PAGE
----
Taxes on a C-Corp Liquidation

By Wayne Thomas

When a corporation ceases its business operations, all assets owned by the company must be distributed. This process is known as liquidation and is necessary, even in cases when the corporation is being sold or converted into a different business structure. As part of every liquidation, state and federal income, payroll and capital gains taxes must be paid at both the corporate and individual levels.

C Corporations

A C corporation is a business entity governed by Subchapter C of the Internal Revenue Code. Corporations are the most widely known business forms, providing limited liability to shareholders and allowing ownership to be freely transferred through the buying and selling of stock. C corporations are also subject to what is known as "double taxation." This type of tax treatment means that income and gains on property are taxed first at the corporate level and then again at the individual shareholder level for any dividends received.

Liquidation

The double taxation feature inherent in C corporations plays a special role in liquidation. The liquidation of a company means that the business operations have ceased and the assets and property owned by the corporation are redistributed. Liquidation is generally accomplished by either selling these assets or transferring all of the shares in the corporation. Possible reasons requiring liquidation are the closing or sale of the business or changing the business structure to provide more favorable tax treatment. Each of these actions produces potentially taxable events at the corporate and individual shareholder levels.

Ready to incorporate your business? Get Started Now

Conversion

The owners of a C corporation may be interested in converting the company into a limited liability company, or LLC. While there are several reasons for doing this, one reason is to eliminate the double taxation feature of corporations. As part of the conversion, the assets owned by the corporation must first be transferred to the shareholders in exchange for stock. The shareholders will then transfer the assets to the newly created LLC. This liquidation results in an initial tax on the corporation for any gains on the property. Gain is calculated by subtracting the value of the property transferred from its worth at the time it was acquired. The shareholders are also taxed on the transfer, provided the assets exceed the value of the stocks traded. These taxes can be significant if the corporation and shareholders own primarily intellectual property, such as a secret recipe, that had no value at the time the company was established but is now worth millions as a trade secret.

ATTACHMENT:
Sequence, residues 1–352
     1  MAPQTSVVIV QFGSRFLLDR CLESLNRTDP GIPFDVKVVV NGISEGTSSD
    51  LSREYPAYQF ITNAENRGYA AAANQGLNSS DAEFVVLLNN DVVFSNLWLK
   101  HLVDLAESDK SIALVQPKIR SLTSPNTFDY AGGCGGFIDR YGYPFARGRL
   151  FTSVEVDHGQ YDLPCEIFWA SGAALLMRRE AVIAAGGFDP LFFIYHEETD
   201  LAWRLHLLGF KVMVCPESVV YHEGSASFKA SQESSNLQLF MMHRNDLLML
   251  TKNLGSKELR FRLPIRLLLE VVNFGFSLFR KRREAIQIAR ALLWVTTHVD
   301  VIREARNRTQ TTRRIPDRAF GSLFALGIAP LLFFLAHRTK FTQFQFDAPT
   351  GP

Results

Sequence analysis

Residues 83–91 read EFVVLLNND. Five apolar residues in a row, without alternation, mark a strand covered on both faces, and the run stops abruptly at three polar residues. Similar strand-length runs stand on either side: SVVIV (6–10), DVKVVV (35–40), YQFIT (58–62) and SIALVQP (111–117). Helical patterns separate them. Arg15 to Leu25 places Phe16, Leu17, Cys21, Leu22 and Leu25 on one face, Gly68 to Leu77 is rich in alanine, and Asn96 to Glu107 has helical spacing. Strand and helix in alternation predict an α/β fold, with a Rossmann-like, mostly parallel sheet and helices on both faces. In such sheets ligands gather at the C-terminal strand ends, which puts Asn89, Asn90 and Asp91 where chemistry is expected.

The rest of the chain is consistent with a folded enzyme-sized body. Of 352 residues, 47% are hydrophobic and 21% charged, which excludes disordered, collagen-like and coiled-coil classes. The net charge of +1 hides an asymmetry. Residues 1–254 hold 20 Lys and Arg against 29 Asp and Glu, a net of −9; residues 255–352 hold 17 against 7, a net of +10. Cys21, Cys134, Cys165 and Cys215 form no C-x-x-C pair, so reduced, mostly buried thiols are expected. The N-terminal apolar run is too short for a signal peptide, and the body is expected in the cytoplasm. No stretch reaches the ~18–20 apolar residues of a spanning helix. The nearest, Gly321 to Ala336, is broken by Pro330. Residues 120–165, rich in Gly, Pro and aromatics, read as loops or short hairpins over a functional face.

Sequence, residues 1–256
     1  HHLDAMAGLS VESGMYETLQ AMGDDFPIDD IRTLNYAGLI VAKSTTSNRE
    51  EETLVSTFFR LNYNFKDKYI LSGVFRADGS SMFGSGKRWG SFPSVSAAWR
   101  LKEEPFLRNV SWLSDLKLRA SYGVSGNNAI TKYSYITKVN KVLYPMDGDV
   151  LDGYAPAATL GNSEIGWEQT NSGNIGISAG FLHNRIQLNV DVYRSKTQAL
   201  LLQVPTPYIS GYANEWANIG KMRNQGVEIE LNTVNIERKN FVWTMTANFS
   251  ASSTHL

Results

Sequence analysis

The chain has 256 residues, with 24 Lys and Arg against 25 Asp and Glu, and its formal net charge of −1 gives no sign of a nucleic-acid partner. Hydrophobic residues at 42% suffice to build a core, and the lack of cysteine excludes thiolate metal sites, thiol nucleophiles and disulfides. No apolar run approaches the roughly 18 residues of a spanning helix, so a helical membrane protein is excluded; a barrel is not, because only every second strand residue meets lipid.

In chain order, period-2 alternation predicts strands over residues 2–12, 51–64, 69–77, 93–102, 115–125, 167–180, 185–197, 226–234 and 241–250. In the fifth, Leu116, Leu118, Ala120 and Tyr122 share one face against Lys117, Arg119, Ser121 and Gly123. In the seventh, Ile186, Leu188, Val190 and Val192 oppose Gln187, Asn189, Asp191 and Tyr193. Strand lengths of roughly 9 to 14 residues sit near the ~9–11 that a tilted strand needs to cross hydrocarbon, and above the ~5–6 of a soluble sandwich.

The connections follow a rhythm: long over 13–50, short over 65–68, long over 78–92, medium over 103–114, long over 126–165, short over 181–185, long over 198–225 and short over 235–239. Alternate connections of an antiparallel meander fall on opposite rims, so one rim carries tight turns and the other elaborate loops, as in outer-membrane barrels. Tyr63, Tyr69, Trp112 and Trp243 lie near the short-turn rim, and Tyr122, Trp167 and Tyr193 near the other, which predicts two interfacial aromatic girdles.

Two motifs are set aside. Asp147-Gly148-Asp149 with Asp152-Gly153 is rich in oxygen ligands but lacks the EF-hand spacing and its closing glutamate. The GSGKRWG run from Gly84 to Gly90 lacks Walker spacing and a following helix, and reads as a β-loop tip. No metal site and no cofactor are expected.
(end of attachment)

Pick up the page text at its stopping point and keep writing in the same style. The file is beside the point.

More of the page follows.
Sale

The sale of a C corporation is also a taxable event for both the company and shareholders. A sale can be accomplished by either transferring all of the corporate assets or transferring all of the stock. Liquidation of the assets will result in a tax on the gains, similar to that observed in changing business structure. If the stocks are transferred instead, this will result in a capital gains tax on any appreciated value in the stocks at both the corporate and shareholder level. Many owners choose this option because the capital gains tax rate is lower than the rate applied to the sale of appreciated assets.

Ready to incorporate your business? Get Started Now
What Is the Difference of a Shareholder Vs. a LLC Member?
 

References

Related articles

Is a Corporation the Same as an LLC?

At one time, there were only three options for company organizers choosing a form of business organization: the sole proprietorship, the partnership and the corporation. Then in the 1970s, the limited liability company (LLC) was introduced in some states. As of 2010, LLCs are authorized by all 50 states and the District of Columbia. It is similar to the corporation in some ways and different in others.

Difference Between LLC & Inc

A limited liability company, or LLC , is a hybrid business entity that includes some features of corporations. For example, both corporations and LLCs provide their owners protection against the debts of the business. There are some crucial differences, however, that should be considered when choosing the best form for your business.

The Dissolution of an S Corp

An S corporation is a corporation that is subject to special IRS taxation rules. Except for certain taxation issues, the procedure for dissolving an S corporation is the same as the procedure for dissolving any other corporation. However, this procedure varies depending on the state of incorporation.

LLCs, Corporations, Patents, Attorney Help Incorporation

Related articles

Distributions to LLC Members Vs. Dividends

Members of a limited liability company, or LLC, and the shareholders of a corporation are similar in that they each ...

What Forms Do I Need to File for an S Corp?

An incorporated business is automatically designated by the Internal Revenue Service as a C corporation for income tax ...

Corporation Law Notes

A corporation is a legal entity that gradually developed into its modern form over hundreds of years. It is designed to ...

Difference Between LLC & Sub S Corporation

Limited liability companies (LLCs) and Subchapter S corporations (S corps) have both become popular corporate forms for ...

Browse by category
Ready to Begin? GET STARTED